Undeniably, preserving and publishing at-risk USGS legacy data was the most visible and powerful aspect of the FY16 DaR project. Case in point: the strongest feedback we received for this proposal’s FY17 statement of interest were specific requests to maximize the amount of funding for at-risk data preservation, which we have done. In addition, we identified patterns and efficiencies that provided FY17 improvements for users (see “Objective 1” above) through our study of the time and resources required to preserve and publish legacy data . Therefore, project Objective 3 is designed to:

  • Identify and prioritize at-risk USGS legacy data by conducting a FY17 USGS “Request for Legacy Data” (RFD).
  • Test the USGS Exit Survey process as a method of identifying at-risk USGS legacy data by conducting exit interviews on two career USGS staff and inventorying and evaluating their legacy data sets.
  • ​Use the legacy data inventory tools and methods developed in FY16 to select up to four more  mission-critical, at-risk USGS data sets to preserve and publish in 2017.

The FORT legacy data steward will ensure that all legacy data releases from this project will:

  • have complete, compliant FGDC-CSDGM metadata
  • address OSTP (Increasing Access to the Results of Federally Funded Scientific Research), OMB (M-13-13, Open Data Policy – Managing Information as an Asset), and Executive Order 13642 (Making Open and Machine Readable the New Default for Government Information) memorandums.
  • ​promote project successes and milestones using, at a minimum, USGS regional highlights.
  • produce a CDI final report chapter describing the data set(s) released and a summary of time and resources required to complete the release.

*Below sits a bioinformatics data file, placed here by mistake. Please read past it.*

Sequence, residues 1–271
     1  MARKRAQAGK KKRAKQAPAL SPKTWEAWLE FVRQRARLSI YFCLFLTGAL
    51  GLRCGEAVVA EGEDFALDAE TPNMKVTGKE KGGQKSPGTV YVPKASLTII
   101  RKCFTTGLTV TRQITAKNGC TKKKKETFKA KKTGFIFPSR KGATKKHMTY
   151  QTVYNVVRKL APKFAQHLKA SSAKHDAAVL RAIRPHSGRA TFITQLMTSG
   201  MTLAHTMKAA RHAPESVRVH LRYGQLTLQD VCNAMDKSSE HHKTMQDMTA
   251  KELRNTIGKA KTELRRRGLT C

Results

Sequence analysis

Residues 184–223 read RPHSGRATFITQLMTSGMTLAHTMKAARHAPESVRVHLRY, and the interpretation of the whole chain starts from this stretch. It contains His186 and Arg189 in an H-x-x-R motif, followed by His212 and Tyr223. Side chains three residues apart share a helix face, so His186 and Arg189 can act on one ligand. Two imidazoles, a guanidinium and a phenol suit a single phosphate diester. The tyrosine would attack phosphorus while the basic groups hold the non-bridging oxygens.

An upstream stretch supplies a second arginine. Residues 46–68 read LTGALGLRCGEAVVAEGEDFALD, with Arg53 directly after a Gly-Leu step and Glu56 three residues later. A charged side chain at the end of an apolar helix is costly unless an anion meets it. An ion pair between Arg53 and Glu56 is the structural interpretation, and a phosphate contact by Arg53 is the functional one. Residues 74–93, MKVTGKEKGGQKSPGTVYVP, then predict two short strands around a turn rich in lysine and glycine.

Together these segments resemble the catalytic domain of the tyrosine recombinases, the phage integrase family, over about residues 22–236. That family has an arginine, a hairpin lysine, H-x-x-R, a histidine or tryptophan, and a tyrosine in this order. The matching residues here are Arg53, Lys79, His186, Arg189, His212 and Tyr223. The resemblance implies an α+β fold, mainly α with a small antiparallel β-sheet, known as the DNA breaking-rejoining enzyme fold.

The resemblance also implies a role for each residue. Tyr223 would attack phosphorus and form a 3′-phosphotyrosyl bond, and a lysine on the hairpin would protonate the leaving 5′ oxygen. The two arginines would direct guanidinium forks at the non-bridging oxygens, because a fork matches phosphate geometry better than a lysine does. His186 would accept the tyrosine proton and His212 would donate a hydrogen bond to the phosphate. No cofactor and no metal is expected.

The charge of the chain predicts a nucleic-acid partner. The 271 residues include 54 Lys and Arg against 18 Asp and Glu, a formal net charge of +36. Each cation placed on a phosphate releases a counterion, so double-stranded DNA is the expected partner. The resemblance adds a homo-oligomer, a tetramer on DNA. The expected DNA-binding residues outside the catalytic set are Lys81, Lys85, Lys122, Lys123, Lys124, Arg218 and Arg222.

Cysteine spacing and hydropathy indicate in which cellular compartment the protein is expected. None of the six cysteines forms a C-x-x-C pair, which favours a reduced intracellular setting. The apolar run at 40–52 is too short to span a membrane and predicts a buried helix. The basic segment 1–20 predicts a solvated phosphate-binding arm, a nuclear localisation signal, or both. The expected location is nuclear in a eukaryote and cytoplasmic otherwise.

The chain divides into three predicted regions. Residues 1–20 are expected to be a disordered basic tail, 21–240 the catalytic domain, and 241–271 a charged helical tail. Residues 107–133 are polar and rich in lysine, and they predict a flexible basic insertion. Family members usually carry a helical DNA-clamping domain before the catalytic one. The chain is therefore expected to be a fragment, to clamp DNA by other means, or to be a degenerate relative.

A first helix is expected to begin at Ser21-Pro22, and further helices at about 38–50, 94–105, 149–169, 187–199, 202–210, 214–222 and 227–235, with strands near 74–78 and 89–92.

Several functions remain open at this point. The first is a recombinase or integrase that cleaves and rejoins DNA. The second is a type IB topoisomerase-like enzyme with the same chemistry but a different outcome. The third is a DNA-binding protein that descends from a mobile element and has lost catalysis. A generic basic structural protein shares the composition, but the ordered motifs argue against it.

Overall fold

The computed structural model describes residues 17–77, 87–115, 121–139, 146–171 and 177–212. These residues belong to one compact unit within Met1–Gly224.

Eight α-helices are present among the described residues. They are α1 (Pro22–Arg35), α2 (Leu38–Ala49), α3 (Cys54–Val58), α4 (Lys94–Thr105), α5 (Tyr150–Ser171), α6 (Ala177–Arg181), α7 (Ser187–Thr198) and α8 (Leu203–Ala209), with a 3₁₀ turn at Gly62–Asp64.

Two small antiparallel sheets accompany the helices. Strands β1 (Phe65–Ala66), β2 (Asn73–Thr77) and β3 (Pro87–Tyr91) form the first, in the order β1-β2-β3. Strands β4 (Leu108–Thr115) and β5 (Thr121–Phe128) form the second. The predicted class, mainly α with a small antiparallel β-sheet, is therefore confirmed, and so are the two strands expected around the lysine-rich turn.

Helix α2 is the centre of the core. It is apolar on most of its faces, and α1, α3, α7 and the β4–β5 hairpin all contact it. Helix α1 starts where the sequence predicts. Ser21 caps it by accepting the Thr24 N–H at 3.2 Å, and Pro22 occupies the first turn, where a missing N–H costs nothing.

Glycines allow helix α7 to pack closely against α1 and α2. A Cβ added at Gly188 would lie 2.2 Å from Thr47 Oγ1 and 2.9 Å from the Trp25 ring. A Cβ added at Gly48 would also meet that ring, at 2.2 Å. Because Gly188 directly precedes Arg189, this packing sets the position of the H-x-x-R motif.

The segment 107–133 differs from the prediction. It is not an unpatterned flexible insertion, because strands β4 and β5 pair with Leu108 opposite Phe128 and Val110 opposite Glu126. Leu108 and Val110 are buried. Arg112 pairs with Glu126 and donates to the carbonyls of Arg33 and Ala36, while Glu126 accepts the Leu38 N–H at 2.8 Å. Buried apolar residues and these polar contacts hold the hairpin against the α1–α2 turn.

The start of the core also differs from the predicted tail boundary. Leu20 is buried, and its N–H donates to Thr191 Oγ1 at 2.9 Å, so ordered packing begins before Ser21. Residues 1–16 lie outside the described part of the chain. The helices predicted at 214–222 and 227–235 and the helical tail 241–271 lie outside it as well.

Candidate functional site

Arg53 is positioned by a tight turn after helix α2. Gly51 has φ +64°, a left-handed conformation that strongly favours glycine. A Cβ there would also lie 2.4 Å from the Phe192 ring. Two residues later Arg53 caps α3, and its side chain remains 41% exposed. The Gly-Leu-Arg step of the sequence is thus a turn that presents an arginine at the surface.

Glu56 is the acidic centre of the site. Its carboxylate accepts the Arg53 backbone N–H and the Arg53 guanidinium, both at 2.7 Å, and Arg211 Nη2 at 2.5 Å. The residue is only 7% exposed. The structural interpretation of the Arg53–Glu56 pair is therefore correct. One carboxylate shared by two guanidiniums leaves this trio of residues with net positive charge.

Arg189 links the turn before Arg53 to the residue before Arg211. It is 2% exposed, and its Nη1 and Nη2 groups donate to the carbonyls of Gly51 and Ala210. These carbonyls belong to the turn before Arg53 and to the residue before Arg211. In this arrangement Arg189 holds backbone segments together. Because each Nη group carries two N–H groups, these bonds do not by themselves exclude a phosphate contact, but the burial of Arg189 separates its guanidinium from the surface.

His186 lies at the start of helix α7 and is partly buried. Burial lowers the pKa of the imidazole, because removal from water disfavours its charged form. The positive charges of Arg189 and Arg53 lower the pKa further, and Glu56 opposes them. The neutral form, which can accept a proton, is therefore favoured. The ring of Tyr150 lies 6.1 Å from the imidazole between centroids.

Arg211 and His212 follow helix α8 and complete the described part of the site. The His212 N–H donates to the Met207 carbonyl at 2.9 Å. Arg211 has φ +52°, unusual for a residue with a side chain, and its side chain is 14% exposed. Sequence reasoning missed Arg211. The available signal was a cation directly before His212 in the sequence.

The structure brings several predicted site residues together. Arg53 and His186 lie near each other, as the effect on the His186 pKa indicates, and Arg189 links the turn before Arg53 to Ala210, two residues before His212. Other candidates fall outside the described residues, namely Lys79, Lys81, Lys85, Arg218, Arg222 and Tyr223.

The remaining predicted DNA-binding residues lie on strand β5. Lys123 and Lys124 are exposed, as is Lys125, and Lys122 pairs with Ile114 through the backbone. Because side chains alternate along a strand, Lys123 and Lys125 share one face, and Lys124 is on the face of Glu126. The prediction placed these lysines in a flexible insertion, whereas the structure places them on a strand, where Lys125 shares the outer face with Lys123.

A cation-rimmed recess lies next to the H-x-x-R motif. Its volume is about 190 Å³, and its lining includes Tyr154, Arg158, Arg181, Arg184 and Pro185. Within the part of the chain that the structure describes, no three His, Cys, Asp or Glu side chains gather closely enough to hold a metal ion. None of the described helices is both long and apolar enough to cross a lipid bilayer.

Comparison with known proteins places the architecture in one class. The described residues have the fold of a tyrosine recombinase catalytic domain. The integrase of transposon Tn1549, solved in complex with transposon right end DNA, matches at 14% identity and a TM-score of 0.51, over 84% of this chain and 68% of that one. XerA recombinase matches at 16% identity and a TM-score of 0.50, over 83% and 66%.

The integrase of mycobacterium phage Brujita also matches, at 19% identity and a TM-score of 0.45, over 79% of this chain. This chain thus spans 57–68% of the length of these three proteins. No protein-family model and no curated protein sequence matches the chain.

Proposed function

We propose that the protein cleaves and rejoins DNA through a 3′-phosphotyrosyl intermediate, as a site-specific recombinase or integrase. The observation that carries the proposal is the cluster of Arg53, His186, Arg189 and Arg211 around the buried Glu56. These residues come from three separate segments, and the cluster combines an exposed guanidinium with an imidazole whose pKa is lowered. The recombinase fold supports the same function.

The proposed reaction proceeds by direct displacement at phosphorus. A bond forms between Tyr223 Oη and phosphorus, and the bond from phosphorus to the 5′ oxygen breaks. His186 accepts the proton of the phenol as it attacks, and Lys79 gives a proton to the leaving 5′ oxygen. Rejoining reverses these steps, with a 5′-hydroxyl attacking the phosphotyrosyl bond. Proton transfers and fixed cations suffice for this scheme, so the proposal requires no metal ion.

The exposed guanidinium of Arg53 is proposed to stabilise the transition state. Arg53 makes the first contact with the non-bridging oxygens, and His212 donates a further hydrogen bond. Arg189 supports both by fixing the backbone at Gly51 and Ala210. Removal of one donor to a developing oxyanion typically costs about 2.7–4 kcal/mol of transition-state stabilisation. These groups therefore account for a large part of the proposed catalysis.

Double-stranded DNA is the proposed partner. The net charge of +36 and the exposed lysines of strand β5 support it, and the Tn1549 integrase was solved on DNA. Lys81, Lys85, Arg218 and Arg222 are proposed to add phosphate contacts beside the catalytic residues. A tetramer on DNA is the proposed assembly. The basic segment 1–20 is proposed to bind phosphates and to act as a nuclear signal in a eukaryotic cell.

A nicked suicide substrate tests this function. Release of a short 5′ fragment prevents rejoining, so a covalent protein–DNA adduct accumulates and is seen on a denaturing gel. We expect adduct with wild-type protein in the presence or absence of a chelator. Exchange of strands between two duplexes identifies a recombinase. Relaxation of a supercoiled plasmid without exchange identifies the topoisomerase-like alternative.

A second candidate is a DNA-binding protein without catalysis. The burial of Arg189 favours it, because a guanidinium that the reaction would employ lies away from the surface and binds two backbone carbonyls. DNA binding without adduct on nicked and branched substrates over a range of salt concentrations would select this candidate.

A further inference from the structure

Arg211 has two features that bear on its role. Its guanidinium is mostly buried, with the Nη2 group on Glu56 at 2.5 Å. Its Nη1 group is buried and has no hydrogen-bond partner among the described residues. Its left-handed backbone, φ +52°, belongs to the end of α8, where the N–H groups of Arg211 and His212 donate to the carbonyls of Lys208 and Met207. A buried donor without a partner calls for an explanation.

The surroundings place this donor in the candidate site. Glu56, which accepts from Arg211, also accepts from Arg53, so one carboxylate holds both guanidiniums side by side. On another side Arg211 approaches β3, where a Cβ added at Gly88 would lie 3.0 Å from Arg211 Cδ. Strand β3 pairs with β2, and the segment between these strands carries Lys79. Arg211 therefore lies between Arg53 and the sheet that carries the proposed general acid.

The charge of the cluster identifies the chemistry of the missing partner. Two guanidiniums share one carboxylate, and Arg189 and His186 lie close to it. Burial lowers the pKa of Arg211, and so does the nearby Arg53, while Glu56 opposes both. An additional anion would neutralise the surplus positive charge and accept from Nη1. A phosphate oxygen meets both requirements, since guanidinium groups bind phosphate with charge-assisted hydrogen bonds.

Project Timeline

Project Phase Status
Personal Data Inventory Case Study: Susan Skagen (USGS-FORT) Complete: May 2017
Personal Data Inventory Case Study: Kathryn Thomas (USGS-SBSC) Complete: July 2017
LDIRS Technical Improvements Complete: August 2017
Science Center Inventory Case Study: USGS-GLSC Complete: September 2017
Science Center Inventory Case Study: USGS-UMESC Complete: October 2017
Science Center Inventory Case Study: USGS-FORT In Progress
2017 DaR Request for Legacy Data Complete: September 2017
Migrating Bird Survey Data Along the San Pedro River and its Tributaries, Southeastern Arizona, 1989-1994 Complete: January 2018
Crest Stage Gage Site Visit Data, Montana, 1955-2016 Complete: February 2018
Central Mojave Desert Vegetation Mapping Project, California, 1997-1999 Peer Review
Golden Eagle International Radio Tracking Data, North America, 1992-1999 Peer Review
Chironomid Specimen Data, The Great Lakes (USA), 1957-2017 Preservation

Project Report

We refined the LDIRS prioritization algorithms to better assess temporal, geographic, and taxonomic extents, resulting in clearer prioritization scores with better intra-record differentiation. In addition, we incorporated the data assessment scoring into the data entry workflow, resulting in real-time prioritization.

We used several methods to continue to promote and expand the USGS legacy data inventory. First, we worked with two career scientists (Susan Skagen; Kathryn Thomas) and two science centers (GLSC and UMESC) to inventory their scientific records as a means of identify legacy data. Second, in September we conducted a second USGS-wide “request for legacy data” to further expand the total LDIRS inventory. Third, we continued to communicate the DaR project accomplishments and methods through USGS groups such as CDI, the FSPAC Data Preservation Subcommittee, the Data at Risk Working Group, the National Geospatial and Geophysical Data Preservation Program (NGGDPP) and the USGS Step-Up Program. In particular, the USGS Step-Up program used the LDIRS prioritization reports to select the North American Bat Banding Program data for their FY18 preservation work, an unfinished CDI-funded preservation project from 2014.  

During the FY16 and ‘17 funding periods, the DaR project has selected 13 high priority preservation projects to validate best practices for preserving and publishing USGS legacy data and software. To date, 6 have been published, 3 are in peer review, and 3 are completing data processing. Upon completion each project is summarized as a case study that documents that describes the methods validated and lessons learned.